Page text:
Both were good men. Both loved to farm. They both had dreams of being the best farmer in the county. Now, surely there are different ways to measure how good a farmer is, but both of these farmers thought the measure of a farmer was the size of his harvest.
So, both men went out and bought seed. Lots and lots of seed. They bought fertilizer and soil testers and fancy irrigation equipment. They talked to older experienced farmers about when the best time was to plant. They both did just about everything they could do, with one notable exception…
Because it was cheaper, faster, and more controllable, one farmer decided not to plow the whole field. He, instead, just dug one hole–a very big, very deep hole. And into that hole he poured all of his seed and all of his fertilizer. This, he thought, will surely grow the biggest, tallest, most visible crop anyone has ever seen! If I focus all my energy and effort and capital on this plant, just imagine how it will grow!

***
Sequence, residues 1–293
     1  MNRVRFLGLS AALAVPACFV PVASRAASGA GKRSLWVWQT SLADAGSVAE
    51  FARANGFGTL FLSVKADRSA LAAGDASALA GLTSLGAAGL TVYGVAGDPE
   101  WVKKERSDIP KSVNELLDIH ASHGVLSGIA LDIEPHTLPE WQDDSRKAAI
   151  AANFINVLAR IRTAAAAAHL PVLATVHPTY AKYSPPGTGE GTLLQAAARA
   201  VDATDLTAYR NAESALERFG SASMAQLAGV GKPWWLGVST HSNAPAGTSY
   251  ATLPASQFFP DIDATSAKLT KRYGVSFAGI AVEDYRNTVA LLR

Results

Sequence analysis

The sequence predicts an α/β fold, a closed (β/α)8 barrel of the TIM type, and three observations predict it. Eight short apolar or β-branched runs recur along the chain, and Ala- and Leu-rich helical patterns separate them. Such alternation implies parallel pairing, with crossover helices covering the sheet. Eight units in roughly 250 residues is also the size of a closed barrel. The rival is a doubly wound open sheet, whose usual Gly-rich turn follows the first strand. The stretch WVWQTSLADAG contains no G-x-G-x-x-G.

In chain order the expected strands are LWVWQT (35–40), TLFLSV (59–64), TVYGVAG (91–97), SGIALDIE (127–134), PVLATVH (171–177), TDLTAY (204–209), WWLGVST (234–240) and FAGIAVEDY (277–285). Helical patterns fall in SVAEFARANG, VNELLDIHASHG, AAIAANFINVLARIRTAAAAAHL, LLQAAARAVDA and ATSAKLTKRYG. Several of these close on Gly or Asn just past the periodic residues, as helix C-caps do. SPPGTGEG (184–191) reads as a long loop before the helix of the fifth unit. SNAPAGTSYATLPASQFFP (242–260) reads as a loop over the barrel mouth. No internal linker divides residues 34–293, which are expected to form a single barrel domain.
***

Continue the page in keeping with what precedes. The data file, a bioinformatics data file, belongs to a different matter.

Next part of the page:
Now, the other farmer chose a different path. Instead of just digging one big hole, he not only plowed his own field, but he bought other fields in nearby towns and plowed them as well. Although he had the exact same amount of seed and fertilizer as the other man, he spread his out over a number of different fields. It’s true that it cost more money and took more time. There were more weeds to pull and more acres to water. He had to hire more help and expend more capital. But as the weeks and months passed, it became obvious to everyone who the better farmer was.
Now, neither of these men were bad men. Their intentions were good and their hearts were right, but only one had the wisdom to see that you reap a bigger harvest when you scatter your seed instead of pouring everything you have into one big hole.
It seems so obvious, doesn’t it?
Some day, I pray our churches will learn the same lesson.